This 2007 article from Medical News Today, Impact Sports Increase Bone Strength In Senior Athletes, reports on a study conducted on 298 athletes at the 2005 Senior Olympics in Pittsburgh. Findings were reported at the 74th Annual Meeting of the American Academy of Orthopaedic Surgeons.

The study used a health-history questionnaire and ultrasound Bone Mass Density scans to measure the athlete’s bone density and correct for statistical factors. The findings indicate that participation in impact sports such as running and basketball – as opposed to low-impact sports like cycling and swimming – are a significant factor in maintaining good bone health. Athletes ranged in age from 50 to 93.

This finding supports other studies which show that lifting heavy weights, as in Olympic-style lifting, increase bone density. Bone tissue is not static – it is living tissue that is constantly growing and resorbing into the body, even as we age.

All of this points to the need to include activities and work-out routines that apply the proper kind of stress to our bones in order to remain healthy, particularly if you engage in a sport like motocross that occasionally tosses you to the ground in an uncomplimentary fashion. So for all of you VMX enthusiasts out there, find time to hit the weight room or the basketball court on a regular basis and reduce the chances or wearing a cast for six weeks next time you take a soil sample.

097977770403mzzzzzzzMy Chicago-based friend (and high-powered consultant to captains of industry) Jim McGee recently reviewed the book Brain Rules by John Medina. It’s worth reading Jim’s review here. You wouldn’t normally see a post like this on a motorcycle blog, but one of my main interests is the fitness and health of the aging athlete (and athlete wannabes). Brain health – the ability to focus and concentrate, absorb new information, retain what we’ve learned, etc. – is critical to staying active and healthy over the long term. Too much of what we’ve accepted as natural consequences of aging are little more than a misunderstanding of how the brain works.

Medina is a molecular biologist and delves into how the biology of the brain affects our ability to function, and how many of the things we believe to be true about brain function really aren’t. Jim highlights 12 rules Medina uses to organize the story in his book:

  1. Exercise boosts brain power
  2. The human brain evolved, too
  3. Every brain is wired differently
  4. We don’t pay attention to boring things
  5. Repeat to remember
  6. Remember to repeat
  7. Sleep well, think well
  8. Stressed brains don’t learn the same way
  9. Stimulate more of the senses
  10. Vision trumps all other senses
  11. Male and female brains are different
  12. We are powerful and natural explorers

Based on Jim’s review I’m going to order this book on my next purchase from Amazon. If you, like me, are interested in maintaining a level of health that will keep you on the bike and on the track for years to come it pays to understand the lessons modern science and research can teach us about our bodies. Caring for the brain, and doing the right things to support it, are an important step in achieving that goal.

Just got back from my first full physical in a number of years. By full, I mean I had a complete blood workup, a bone scan, body fat measurement, and VO2 max stress test. The good news is I’ve stayed pretty healthy despite my pathetic exercise regimen. I have good base fitness for a guy who hasn’t exercised in five years, and most of my cardio risk factors are quite low. The bad news is that some unfortunate genetic tendencies are catching up with me.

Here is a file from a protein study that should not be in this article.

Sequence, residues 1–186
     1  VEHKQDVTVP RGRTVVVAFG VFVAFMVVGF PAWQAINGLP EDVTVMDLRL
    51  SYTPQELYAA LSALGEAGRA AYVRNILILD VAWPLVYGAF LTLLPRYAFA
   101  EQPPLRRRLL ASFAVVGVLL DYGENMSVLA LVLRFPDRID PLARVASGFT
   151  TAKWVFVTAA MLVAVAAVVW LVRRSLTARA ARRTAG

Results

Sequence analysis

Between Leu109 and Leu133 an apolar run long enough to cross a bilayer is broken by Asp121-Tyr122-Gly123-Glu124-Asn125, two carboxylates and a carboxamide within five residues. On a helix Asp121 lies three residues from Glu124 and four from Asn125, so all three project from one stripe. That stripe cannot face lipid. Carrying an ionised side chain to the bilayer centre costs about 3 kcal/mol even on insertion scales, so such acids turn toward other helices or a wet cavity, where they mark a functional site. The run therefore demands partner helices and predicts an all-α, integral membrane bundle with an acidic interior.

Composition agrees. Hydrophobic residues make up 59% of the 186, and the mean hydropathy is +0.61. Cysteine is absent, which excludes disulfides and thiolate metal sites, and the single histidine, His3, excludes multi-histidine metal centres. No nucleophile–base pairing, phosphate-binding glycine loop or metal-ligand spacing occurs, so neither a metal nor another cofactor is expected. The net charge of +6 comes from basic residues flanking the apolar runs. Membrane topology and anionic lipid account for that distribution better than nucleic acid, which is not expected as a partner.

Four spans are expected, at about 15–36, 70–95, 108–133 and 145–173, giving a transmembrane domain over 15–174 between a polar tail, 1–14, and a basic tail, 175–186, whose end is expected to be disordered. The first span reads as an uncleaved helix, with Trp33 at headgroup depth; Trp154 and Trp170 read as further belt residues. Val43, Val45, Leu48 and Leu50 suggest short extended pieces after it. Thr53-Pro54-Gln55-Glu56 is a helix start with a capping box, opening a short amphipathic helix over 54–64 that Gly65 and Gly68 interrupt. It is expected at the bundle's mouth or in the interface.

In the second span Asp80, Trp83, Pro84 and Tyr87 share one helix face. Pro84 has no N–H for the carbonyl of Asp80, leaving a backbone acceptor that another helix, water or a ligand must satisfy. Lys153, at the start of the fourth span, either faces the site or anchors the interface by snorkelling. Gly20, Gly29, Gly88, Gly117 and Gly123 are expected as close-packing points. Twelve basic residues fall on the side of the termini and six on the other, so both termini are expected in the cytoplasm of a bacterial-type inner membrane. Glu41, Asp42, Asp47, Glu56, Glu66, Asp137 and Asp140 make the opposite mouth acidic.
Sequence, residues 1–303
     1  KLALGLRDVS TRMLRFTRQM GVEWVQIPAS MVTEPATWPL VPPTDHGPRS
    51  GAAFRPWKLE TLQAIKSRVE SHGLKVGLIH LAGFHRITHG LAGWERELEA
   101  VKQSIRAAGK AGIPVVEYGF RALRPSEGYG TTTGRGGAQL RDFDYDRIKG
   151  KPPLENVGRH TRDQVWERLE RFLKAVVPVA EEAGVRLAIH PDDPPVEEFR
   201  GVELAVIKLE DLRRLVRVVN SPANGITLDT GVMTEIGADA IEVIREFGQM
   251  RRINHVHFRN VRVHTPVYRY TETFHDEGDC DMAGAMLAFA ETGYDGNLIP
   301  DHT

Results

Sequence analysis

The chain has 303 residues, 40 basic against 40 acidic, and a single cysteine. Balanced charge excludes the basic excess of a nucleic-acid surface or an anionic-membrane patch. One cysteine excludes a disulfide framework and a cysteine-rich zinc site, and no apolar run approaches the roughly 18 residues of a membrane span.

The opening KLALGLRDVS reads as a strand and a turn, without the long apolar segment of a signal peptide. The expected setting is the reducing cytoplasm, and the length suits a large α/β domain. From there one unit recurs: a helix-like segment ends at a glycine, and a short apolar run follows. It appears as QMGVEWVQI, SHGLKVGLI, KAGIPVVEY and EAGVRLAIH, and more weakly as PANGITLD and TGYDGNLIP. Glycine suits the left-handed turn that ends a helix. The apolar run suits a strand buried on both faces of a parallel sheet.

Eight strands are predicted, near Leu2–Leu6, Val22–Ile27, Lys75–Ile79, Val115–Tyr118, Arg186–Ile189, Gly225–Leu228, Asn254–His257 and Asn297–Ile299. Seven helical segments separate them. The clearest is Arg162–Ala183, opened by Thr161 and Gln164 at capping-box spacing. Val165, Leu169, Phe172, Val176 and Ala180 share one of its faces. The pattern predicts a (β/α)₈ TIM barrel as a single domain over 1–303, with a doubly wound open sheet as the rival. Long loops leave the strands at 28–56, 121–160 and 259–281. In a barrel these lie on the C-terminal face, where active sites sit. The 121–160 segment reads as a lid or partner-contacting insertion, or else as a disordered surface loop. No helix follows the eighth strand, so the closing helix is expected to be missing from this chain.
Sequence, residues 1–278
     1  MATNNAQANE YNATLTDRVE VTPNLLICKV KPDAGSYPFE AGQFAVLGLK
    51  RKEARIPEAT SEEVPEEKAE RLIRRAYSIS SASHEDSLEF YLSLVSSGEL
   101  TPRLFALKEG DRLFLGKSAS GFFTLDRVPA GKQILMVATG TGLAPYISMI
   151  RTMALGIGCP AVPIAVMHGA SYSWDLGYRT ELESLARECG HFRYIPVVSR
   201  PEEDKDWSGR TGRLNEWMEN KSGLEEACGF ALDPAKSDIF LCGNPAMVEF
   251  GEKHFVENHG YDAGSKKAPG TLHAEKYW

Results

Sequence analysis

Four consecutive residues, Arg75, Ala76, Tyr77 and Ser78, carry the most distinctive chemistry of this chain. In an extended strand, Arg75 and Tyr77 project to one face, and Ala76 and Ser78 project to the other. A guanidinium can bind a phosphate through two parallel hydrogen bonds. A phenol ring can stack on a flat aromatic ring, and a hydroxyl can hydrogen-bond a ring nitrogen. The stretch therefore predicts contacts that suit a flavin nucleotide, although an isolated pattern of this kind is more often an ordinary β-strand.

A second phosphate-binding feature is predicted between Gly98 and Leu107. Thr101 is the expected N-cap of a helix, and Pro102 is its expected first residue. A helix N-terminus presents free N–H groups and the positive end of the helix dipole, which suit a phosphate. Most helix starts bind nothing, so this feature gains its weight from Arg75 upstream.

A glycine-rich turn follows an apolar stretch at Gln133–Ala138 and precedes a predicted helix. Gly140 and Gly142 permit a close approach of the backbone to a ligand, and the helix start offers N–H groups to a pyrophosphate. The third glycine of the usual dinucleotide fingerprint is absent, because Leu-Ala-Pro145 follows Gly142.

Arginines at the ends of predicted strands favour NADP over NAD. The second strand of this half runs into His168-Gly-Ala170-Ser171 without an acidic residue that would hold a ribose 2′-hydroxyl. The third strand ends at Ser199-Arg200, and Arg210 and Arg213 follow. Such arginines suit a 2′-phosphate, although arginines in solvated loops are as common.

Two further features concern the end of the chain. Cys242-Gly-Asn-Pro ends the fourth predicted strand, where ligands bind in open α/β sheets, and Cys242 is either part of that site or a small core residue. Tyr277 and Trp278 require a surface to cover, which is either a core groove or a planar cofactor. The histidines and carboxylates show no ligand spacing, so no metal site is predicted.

I’m 48 years old, and like most guys my age, I carry a little too much body fat and I’m showing early signs of adult-onset diabetes. Both of these are usually corrected by taking the proper diet and exercise steps. But they do need to be corrected and monitored on a regular basis. Failure to correct them will almost certainly lead to Type II diabetes over the next 10 years, along with the accompanying cardio-pulmonary problems. Inexpensive blood tests will allow me and my doctor to monitor my progress. There is also a hormonal component to the insulin/diabetic scenario. The older I get the lower my natural hormone levels will fall, and this will also need to be monitored, as low testosterone levels are implicated in many cases of adult-onset diabetes in men.

Unlike most guys my age, I have osteopenia (early-stage bone loss) in my hips. I can thank my Mom’s side of the family for this, as osteoporosis was wide-spread through my maternal ancestry. The bone loss problem is a bit more complicated than the insulin/diabetic issue and I will write more about this in a later post. If you are nearing or past the 50-year mark you may want to have a bone scan to see where you stand and determine if you need to take corrective action. The one sure thing about VMX is that we will all eventually fall off, and breaking bones is a real bummer. Maintaining good bone health is probably the single most important thing we can do to insure a long, happy VMX career.

I guess the summary of this physical, for me, was that it was a good wake-up call to get in gear and do some things I knew I should be doing, but didn’t really have clear-cut incentives to do. And I discovered some danger areas that could grow into real disasters, given my chosen hobby, if left untreated. I hope all of you will take the time to find a good doctor who will work with you to understand your needs, monitor the right things, and help you build a regimen to stay healthy for a long time in our sport.